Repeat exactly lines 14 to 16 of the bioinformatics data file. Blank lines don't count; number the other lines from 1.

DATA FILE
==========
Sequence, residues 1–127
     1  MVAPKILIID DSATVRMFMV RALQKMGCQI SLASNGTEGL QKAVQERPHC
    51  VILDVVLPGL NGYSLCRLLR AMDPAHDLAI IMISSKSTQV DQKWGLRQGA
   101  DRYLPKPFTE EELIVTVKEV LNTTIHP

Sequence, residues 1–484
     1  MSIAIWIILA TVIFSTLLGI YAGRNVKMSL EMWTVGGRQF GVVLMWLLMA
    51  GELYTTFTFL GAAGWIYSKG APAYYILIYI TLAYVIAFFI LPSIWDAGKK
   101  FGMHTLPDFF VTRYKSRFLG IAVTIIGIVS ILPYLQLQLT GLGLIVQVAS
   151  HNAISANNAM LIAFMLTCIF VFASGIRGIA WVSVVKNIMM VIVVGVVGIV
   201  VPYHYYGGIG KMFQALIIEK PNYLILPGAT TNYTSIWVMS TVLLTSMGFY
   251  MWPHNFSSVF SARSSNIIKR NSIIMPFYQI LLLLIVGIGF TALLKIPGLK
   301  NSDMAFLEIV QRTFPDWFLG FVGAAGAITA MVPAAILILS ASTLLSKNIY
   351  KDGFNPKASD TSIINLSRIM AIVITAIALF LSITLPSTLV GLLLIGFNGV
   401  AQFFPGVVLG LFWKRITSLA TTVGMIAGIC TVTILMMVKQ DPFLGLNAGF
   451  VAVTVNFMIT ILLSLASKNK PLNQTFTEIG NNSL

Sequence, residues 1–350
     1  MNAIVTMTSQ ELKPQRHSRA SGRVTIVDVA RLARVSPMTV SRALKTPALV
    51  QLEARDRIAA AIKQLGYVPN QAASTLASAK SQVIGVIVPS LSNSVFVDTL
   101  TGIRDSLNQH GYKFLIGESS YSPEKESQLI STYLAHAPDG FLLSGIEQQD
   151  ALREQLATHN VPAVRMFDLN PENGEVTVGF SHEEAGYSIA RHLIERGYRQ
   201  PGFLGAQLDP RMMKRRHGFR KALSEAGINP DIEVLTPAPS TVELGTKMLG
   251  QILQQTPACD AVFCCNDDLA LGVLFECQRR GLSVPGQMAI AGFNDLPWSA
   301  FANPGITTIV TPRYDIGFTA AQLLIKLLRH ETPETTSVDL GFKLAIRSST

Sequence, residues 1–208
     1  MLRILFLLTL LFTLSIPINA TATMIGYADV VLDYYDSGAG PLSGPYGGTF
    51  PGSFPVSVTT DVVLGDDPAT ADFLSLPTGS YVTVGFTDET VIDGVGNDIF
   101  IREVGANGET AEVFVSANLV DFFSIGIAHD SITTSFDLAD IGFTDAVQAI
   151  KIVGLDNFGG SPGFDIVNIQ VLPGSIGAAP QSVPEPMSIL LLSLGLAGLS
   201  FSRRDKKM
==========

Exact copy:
   401  AQFFPGVVLG LFWKRITSLA TTVGMIAGIC TVTILMMVKQ DPFLGLNAGF
   451  VAVTVNFMIT ILLSLASKNK PLNQTFTEIG NNSL

Sequence, residues 1–350